The United States has been unable to synchronize successful air and sea freedom of navigation (FON) operations in the South China Sea with an erratic diplomatic message and a legal case that is too clever by half. Our colleagues Bonnie Glaser and Peter Dutton tried to reconnect these dimensions when they wrote in the The National Interest that while the administration has not done a “stellar job of explaining its actions,” the U.S.
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In yesterday’s post, we asked “What did the Navy do in the South China Sea?” That wasn’t a rhetorical question. The Department of Defense hadn’t yet clearly explained what the USS Lassen did during its recent freedom of navigation operation (FONOP) in the South China Sea. Nor has it explained the precise legal basis for the operation.
After the U.S.S. Lassen’s freedom of navigation operation (FONOP) in the Spratly Islands last week, we wrote that the Lassen and the accompanying P-8 Poseidon aircraft appeared to have conducted normal military operations inside 12 nm around Subi Reef. That was important because normal military operations are not “innocent passage,” a demonstrably nonthreatening mode of transiting another nation’s territorial seas.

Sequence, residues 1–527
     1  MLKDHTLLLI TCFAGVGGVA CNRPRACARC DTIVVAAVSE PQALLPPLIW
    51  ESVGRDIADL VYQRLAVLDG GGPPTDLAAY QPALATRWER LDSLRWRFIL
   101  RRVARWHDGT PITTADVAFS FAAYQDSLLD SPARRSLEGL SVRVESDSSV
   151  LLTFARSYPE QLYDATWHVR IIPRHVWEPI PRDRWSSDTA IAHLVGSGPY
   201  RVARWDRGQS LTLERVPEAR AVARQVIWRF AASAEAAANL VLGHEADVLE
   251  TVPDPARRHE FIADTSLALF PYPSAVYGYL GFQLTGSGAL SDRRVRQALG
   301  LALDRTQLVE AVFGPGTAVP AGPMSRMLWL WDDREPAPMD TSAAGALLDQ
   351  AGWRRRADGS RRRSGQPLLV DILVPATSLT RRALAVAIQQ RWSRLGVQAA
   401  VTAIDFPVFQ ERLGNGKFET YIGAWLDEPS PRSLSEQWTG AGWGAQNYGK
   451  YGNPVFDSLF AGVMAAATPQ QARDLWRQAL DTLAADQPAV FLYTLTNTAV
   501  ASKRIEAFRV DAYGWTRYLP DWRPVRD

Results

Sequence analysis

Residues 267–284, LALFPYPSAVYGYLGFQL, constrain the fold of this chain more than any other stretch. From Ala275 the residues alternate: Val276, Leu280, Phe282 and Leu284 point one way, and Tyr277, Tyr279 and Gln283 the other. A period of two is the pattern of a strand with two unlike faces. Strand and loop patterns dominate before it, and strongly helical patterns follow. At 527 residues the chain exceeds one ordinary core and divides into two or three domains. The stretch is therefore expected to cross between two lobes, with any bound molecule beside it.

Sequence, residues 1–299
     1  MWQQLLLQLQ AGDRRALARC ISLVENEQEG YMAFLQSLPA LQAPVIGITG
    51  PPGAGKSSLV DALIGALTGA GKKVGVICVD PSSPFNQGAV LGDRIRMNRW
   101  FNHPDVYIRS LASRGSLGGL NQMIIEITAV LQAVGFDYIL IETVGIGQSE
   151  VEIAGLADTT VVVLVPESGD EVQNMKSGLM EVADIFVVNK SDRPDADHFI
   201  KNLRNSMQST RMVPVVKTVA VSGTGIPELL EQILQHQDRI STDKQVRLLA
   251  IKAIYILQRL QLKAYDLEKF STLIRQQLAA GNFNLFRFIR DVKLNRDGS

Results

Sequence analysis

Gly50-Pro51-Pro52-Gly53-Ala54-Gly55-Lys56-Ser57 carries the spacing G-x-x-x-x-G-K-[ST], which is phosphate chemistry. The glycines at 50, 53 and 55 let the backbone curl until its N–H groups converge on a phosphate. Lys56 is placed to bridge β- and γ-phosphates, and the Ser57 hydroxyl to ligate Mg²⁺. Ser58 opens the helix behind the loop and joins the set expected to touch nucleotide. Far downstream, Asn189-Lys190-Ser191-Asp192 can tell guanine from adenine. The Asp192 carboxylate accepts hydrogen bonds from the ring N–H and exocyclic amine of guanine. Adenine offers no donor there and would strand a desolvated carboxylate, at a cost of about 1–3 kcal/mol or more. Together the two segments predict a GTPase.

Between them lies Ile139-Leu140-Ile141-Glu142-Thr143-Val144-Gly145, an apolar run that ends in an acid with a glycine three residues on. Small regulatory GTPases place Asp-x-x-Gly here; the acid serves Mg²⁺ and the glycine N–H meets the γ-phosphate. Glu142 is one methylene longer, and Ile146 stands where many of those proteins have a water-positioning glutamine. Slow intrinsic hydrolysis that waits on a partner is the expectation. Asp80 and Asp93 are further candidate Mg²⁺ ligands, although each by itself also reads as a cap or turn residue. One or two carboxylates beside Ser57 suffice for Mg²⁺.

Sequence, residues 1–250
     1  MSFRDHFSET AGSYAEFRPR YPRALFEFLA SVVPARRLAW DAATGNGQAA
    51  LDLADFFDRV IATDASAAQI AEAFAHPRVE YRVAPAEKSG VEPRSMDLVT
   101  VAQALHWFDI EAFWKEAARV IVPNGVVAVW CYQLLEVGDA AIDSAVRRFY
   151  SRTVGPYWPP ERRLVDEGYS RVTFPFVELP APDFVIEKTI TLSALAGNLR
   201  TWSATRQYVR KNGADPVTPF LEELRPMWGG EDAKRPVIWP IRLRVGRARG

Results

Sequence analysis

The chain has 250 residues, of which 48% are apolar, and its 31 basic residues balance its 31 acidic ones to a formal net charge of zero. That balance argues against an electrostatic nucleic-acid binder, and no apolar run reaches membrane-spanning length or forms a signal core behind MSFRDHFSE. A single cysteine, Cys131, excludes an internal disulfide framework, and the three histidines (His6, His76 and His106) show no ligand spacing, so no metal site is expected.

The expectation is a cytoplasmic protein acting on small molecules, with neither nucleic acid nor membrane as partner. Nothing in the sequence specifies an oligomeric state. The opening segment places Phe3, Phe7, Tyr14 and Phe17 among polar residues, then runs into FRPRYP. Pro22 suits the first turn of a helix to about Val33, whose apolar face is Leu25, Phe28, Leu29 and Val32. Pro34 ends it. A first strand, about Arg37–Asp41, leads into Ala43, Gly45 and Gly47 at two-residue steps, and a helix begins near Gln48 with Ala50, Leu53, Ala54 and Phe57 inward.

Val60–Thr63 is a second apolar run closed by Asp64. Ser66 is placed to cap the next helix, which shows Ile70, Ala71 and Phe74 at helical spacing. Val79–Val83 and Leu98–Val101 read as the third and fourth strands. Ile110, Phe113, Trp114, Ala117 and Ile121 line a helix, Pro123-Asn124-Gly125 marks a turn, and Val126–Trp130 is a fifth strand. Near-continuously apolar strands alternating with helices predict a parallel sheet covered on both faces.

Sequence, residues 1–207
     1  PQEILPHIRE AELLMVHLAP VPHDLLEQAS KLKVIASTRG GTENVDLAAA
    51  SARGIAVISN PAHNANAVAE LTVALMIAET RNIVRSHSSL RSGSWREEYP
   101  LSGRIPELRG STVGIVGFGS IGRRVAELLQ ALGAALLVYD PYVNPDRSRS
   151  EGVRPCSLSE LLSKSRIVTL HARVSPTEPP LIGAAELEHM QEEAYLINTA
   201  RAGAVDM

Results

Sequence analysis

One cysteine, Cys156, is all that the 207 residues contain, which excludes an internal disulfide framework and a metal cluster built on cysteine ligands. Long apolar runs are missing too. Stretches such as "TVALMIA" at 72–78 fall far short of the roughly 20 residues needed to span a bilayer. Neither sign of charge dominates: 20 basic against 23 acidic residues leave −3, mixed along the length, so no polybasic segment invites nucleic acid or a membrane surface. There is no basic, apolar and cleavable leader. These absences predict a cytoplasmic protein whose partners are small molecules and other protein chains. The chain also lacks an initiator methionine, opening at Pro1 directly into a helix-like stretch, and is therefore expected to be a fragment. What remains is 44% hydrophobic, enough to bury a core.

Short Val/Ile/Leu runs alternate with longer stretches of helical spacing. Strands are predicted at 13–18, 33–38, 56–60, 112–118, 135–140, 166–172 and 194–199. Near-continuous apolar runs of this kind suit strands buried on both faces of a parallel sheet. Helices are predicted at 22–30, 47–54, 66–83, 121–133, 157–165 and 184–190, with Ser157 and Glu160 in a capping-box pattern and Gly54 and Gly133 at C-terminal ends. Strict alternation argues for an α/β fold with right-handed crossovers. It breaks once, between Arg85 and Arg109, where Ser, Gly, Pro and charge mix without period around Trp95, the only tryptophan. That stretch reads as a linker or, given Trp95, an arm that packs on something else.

The US Navy’s “Innocent Passage” In the South China Sea May Have Actually Strengthened China’s Sketchy Territorial Claims
As David Bosco hinted in his insightful Lawfare post from yesterday on the US-China showdown in the South China Sea, it turns out that the much-heralded U.S. “freedom of navigation operation” (FONOP) last week in the South China Sea was conducted according to the rules of “innocent passage.” As I will explain below, this approach is the weakest type of FONOP the U.S. could have chosen.
Much of the coverage of the USS Lassen's maneuver near the Subi reef in the South China Sea presented the operation as a challenge to Chinese maritime claims and island-building operations. But in fact there are two quite distinct legal issues at play. The first is the traditional U.S. interpretation of the right of innocent passage (even by warships) through territorial waters.
On Friday, we published a “what to watch for” guide to the then-imminent U.S. freedom of navigation operation (FONOP) in the South China Sea. Yesterday, the USS Lassen, an Arleigh Burke-class guided missile destroyer, transited within 12 nautical miles of Subi Reef—one of China’s artificial islands in the Spratly Island group.